Thursday, February 18, 2016
EU Immigration to UK Tops 2 Million but Care and Nursing Vacancies Unfilled
The number of EU migrants living and working in Britain now exceeds two million, official figures reveal today.
According to the figures, more than a million migrant workers are from eastern European countries, such as Poland, Romania and Bulgaria who migrated to the UK since the EU expanded in 2004.
Combined with non-EU migrants, there are over 3.2 million foreign nationals working in the UK, up by over a quarter of a million in the last year alone.
Official figures from the Office for National Statistics (ONS) show that the total number of foreign nationals working in the UK has increased by 257,000 or 15% over the past year.
One in ten workers are now non-British, compared with one in twenty seven in 1997 when Tony Blair came to power.
There are now 189,000 employees from Bulgaria and Romania, an increase of 19% on a year ago, which coincides with the lifting of restrictions on working in the UK on 1 January last year.
Newest EU entrants from Croatia are also being deterred from coming here by a similar 7 year restrictions on working in the UK.
Croatian citizens need permission to work in Britain, which can take the form of a Tier 2 Work Permit, for instance for a Nurse or Doctor, or a yellow card permit to work whilst studying.
Britain’s growing economy is clearly attracting immigrants according to experts.
Carlos Vargas-Silva, of the Migration Observatory at the University of Oxford, said the reason migrants were moving to Britain was because they can easily find jobs.
He said: 'As long as the EU economy remains weak and the UK economy is strong, you are going to see more people come in.'
You don’t need to be an Oxford Professor to work that one out, but Carlos has a point.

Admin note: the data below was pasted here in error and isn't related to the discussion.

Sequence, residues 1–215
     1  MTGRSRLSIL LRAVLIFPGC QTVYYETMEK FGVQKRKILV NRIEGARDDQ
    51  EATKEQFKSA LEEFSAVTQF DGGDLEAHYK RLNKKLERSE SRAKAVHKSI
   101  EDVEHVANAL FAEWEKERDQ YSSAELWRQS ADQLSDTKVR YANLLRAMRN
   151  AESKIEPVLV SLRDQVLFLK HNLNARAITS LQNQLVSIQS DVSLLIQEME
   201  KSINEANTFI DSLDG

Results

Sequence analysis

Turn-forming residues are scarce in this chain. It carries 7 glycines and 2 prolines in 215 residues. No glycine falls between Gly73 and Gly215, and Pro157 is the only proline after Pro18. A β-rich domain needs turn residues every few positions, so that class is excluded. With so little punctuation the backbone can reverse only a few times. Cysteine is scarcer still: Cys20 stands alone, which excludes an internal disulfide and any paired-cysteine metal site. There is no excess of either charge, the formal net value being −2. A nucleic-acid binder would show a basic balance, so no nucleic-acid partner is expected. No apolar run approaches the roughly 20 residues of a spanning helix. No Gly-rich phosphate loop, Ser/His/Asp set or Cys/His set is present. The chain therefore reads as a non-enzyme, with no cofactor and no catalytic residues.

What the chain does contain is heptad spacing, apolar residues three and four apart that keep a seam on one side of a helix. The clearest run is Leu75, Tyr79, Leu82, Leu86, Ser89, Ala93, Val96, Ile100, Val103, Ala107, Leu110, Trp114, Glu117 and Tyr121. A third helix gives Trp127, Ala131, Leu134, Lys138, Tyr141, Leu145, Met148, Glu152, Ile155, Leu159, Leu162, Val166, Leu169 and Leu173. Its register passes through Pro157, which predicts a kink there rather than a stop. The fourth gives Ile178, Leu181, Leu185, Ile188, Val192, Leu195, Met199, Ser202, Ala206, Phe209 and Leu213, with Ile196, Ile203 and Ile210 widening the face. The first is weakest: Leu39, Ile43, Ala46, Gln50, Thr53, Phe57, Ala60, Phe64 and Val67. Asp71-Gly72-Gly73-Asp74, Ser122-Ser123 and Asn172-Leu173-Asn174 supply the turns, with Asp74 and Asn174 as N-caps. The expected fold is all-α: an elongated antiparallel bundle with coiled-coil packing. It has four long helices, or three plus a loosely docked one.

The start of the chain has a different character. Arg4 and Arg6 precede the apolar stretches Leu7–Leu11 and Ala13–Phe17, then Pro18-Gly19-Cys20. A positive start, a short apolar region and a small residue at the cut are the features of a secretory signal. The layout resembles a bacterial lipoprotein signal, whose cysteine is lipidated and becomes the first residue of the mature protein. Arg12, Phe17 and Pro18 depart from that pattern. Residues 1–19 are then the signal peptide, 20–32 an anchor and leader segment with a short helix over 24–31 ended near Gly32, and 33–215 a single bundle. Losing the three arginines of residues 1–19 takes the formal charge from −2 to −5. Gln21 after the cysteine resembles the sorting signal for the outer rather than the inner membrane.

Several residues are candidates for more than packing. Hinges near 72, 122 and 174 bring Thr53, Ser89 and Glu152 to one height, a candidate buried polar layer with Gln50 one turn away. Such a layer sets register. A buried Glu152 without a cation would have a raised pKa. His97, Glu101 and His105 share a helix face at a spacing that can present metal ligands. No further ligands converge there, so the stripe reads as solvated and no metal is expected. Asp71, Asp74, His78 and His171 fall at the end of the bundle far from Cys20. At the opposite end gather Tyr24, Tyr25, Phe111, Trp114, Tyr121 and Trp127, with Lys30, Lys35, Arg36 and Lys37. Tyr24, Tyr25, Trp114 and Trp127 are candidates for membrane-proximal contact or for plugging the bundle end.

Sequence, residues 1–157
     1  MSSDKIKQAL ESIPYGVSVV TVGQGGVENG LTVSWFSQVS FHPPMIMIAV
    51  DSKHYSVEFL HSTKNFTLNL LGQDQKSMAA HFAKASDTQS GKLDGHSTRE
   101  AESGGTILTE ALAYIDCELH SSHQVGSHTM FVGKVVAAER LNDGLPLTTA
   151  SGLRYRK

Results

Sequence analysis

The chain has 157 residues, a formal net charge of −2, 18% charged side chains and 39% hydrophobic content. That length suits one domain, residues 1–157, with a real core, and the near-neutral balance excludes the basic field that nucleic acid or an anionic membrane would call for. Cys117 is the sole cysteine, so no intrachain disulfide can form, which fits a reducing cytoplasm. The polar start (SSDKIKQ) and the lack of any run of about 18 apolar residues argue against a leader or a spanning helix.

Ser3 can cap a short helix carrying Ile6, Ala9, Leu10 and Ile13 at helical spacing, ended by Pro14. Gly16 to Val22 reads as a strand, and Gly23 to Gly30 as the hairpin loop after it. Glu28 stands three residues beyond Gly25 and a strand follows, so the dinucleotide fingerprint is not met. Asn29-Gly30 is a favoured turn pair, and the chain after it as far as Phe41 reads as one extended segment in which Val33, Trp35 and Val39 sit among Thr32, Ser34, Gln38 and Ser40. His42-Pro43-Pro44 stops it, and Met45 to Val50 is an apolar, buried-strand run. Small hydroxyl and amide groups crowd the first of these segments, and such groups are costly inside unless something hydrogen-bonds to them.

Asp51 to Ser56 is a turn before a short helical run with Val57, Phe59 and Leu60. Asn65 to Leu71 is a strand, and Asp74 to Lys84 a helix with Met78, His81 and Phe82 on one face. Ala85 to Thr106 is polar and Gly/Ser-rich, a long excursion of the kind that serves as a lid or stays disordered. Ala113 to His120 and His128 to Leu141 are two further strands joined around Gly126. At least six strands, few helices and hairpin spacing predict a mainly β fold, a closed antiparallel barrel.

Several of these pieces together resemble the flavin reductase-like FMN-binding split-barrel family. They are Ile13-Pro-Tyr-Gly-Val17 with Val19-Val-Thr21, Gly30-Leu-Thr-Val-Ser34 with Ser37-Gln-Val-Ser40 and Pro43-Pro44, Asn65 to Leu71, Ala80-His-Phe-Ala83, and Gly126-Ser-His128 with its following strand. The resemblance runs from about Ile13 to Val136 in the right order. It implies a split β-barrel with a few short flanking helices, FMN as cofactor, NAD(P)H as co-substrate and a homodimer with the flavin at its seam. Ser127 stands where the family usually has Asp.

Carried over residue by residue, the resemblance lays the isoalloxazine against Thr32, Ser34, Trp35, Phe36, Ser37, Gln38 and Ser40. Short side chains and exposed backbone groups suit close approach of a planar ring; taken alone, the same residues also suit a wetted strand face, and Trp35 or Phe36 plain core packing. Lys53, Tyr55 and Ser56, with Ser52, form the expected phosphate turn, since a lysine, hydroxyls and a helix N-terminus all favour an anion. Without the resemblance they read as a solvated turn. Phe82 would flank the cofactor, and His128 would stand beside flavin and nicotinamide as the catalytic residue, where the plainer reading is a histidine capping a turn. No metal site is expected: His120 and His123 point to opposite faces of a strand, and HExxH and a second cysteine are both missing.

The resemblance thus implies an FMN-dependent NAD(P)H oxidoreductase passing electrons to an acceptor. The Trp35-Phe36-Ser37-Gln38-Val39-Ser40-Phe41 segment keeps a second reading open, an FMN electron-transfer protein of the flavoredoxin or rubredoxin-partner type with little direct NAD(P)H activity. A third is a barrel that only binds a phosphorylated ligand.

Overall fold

Britain’s economy is growing whilst the economies of most EU countries, burdened by the Euro and EU regulations, have been going downhill for years.
This week in Brussels, Prime Minister David Cameron is hoping to come away with a renegotiated deal and prevent an EU exit vote by British voters in a forthcoming referendum vote.
Work and Pensions Secretary Iain Duncan Smith said there were still two million more people in jobs than in 2010.
'On top of that, today's figures show job vacancies at a near record high - evidence of the continued confidence of British businesses, and potential for further growth in the UK economy.
'Our one nation government is helping millions across the country to succeed and achieve their full potential. I was particularly pleased to see that wages are continuing to rise - meaning that hard-working people will see a real difference in their pay packets.'
Unemployment has fallen by 221,000 in the last year, and long-term unemployment has been reduced by 210,000 since 2010.
Despite unemployment figures exceeding 1.8 million, there are 735,000 UK job vacancies, an increase of nearly 70,000 since last year.
There is an acute shortage of nurses and care workers in the UK, with NHS hospitals and private care homes crying out for staff.
Currently, my own clients have have hundreds of job vacancies for nursing and care staff all over England and Wales.
Migrant workers are needed to fill the vacancies, as many British workers do not want the jobs. In the last few weeks I have witnessed local workers not even bothering to turn up for interviews.
If you are an overseas nurse or care worker (EU citizens only) and would like to work in the UK, email your CV.